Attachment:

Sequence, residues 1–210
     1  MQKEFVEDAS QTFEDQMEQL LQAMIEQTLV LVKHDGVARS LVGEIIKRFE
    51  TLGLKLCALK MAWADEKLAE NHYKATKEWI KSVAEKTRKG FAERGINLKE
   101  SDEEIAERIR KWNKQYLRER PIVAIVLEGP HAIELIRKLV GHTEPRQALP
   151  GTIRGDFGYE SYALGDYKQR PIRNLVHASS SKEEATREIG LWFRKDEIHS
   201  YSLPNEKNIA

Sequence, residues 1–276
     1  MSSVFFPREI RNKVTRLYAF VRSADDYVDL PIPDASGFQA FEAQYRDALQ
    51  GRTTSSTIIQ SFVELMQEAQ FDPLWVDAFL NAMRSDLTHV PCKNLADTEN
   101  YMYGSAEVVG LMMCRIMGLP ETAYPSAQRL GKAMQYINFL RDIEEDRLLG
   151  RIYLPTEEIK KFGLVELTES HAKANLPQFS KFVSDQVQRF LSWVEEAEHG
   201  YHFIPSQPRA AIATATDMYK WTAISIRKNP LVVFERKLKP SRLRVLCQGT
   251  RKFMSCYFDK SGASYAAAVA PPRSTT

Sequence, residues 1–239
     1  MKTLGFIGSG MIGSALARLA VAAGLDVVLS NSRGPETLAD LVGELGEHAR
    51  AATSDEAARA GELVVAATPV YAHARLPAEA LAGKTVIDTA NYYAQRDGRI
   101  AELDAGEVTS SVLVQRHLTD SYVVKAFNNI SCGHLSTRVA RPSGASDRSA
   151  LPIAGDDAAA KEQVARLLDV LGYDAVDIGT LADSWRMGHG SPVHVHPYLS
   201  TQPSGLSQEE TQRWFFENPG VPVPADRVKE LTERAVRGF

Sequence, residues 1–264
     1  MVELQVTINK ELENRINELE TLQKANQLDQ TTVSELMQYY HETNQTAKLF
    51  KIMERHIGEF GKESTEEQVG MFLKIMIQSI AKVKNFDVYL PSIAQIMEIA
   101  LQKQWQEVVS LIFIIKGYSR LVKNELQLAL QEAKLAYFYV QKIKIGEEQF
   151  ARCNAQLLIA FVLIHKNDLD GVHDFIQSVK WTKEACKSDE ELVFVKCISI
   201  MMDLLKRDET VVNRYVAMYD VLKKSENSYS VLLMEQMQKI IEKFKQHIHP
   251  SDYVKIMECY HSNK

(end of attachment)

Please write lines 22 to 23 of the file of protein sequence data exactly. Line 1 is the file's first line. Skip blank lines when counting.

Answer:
    51  KIMERHIGEF GKESTEEQVG MFLKIMIQSI AKVKNFDVYL PSIAQIMEIA
   101  LQKQWQEVVS LIFIIKGYSR LVKNELQLAL QEAKLAYFYV QKIKIGEEQF